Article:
Someone has to check Bexley council’s Legal Notices and it might as well be me, they are sometimes informative but I’m not sure this one (click extract) signed by Mike Frizoni is; not if you don’t live nearby and need to drive to Lesnes Abbey.
It concerns some Thames Water works planned for Abbey Road, Belvedere alongside Lesnes Abbey where it allows free parking on the south side (Photo 1). It’s usually full up with commuters by 7 a.m. The north side (Photo 2) has a long stretch of double yellow lines.
The Notice warns against parking either 25 metres east or west of No. 4 Bright Close. Is it supposed to be some sort of puzzle? How can it be sensible to disallow parking in Abbey Road by referring to distances measured from a different road? The same warning is affixed to a pole in Abbey Road.
Local people might be able to work it out. Bright Close runs parallel to Abbey Road and the rear gardens extend back to Abbey Road but a six foot brick wall hides them from view. There is no reason why someone intending to park in Abbey Road should know anything about Bright Close or even its existence.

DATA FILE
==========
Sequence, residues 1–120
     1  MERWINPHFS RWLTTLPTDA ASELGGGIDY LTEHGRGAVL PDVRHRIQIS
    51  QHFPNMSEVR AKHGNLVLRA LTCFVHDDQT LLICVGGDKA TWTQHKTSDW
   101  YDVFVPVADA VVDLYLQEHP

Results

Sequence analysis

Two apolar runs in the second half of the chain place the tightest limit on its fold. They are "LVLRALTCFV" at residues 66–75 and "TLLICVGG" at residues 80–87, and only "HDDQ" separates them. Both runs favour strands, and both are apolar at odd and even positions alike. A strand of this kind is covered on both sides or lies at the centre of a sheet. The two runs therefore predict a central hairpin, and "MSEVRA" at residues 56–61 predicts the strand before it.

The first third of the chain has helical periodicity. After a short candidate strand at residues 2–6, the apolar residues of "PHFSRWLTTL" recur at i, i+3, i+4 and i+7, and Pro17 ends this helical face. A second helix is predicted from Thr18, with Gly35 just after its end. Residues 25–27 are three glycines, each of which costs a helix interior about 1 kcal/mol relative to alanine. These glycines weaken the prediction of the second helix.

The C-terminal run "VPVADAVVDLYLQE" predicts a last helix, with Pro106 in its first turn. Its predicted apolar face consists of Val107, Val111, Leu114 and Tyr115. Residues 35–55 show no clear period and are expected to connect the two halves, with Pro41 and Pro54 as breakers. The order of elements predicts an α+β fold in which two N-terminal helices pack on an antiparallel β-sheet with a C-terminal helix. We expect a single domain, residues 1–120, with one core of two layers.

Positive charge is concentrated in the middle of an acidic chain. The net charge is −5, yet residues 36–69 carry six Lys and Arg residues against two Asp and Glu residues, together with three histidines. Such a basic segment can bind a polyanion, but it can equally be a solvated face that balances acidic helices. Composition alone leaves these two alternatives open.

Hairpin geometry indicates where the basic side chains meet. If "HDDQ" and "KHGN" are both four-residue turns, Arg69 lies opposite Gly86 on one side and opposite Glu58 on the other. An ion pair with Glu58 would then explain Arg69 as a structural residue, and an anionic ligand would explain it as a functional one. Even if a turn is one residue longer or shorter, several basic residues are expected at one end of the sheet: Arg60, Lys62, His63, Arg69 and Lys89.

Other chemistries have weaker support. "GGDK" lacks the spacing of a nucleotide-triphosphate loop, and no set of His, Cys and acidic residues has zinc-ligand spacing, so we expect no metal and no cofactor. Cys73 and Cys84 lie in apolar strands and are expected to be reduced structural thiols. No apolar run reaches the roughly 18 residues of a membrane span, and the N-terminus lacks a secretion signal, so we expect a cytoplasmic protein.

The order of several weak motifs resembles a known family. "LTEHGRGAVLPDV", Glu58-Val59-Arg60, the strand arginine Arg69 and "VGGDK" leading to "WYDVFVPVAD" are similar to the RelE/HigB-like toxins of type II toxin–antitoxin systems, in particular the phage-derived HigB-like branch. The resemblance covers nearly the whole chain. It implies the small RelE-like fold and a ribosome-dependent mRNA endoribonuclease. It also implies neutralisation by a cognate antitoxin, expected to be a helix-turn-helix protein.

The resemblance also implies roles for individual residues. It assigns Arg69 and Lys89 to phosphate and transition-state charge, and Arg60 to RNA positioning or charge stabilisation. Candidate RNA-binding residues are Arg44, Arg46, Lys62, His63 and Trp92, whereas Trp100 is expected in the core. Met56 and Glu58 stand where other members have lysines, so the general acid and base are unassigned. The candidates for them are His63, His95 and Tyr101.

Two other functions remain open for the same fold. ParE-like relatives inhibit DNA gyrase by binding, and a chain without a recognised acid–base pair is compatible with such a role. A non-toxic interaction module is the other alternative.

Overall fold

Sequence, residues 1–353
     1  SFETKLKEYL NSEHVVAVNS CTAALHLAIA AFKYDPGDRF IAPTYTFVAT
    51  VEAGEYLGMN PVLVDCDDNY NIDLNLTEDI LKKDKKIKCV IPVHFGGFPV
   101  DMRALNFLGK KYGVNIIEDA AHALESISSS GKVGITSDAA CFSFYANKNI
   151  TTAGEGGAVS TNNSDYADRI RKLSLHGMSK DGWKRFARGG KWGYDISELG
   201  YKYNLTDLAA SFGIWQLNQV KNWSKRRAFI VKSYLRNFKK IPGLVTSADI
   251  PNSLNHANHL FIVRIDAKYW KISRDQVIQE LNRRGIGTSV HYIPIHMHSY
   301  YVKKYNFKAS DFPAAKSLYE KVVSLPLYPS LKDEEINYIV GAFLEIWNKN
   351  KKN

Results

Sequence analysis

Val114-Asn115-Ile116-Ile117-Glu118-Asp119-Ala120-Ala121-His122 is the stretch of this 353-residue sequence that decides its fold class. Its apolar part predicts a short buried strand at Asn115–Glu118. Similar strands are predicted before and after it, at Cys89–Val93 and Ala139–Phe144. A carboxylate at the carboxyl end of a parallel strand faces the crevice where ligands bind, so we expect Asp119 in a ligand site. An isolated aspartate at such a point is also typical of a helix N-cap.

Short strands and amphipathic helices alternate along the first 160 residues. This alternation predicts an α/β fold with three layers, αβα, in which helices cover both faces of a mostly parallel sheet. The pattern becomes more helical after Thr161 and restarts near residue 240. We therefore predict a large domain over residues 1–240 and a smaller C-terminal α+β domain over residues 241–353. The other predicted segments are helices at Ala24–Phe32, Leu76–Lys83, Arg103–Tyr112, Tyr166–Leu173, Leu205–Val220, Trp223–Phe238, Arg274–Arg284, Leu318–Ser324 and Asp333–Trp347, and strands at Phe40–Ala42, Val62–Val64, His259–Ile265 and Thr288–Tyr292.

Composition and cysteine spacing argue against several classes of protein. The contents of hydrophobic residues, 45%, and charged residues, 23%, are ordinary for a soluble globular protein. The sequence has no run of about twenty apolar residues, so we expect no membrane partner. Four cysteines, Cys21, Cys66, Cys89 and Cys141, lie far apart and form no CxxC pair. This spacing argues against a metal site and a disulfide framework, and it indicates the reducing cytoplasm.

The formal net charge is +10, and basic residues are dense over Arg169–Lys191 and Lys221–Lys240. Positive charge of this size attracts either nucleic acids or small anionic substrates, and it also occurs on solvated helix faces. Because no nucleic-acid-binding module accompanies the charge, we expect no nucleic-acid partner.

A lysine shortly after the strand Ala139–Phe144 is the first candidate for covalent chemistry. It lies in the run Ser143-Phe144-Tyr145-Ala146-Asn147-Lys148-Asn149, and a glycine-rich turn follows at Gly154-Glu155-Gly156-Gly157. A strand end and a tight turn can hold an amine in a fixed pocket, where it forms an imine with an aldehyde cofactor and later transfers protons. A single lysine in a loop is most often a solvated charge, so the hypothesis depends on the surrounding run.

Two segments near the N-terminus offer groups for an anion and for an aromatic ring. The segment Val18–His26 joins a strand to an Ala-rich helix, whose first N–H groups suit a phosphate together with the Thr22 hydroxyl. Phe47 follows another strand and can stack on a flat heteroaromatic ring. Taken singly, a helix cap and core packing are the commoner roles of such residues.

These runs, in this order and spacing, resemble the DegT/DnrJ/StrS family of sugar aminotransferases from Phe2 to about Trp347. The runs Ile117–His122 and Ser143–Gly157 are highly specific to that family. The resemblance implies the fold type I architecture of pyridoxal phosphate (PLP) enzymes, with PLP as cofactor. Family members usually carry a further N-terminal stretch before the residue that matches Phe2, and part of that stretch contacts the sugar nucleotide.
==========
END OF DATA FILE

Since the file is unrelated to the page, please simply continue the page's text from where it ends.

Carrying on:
It doesn’t help that the only street notice warning about the suspension of parking is on the north side of the road affixed to a pole midway along a length of double yellow lines. Lines that indicate ‘No Parking at Any Time’ are effectively modified by a Notice saying there will be No Parking for two days. Confused? Good, Mike Frizoni will be rubbing his Fagin-like hands together.
There are no warnings at all alongside the parking bays which are to be suspended where a driver might have some chance of seeing one. In all probability cones will be put out early on the day work starts but that is no consolation to someone who parks there overnight who has no chance of seeing a warning notice adjacent to the parking bays because there are none. Bexley council has played this trick in Abbey Road before.
A notice placed on the south side of the road banning parking for 50 metres west of the entrance to Lesnes Abbey would make perfect sense but Mike Frizoni has provided neither of those things. Presumably he needs as many parking fines as possible to fund his £108,622 a year.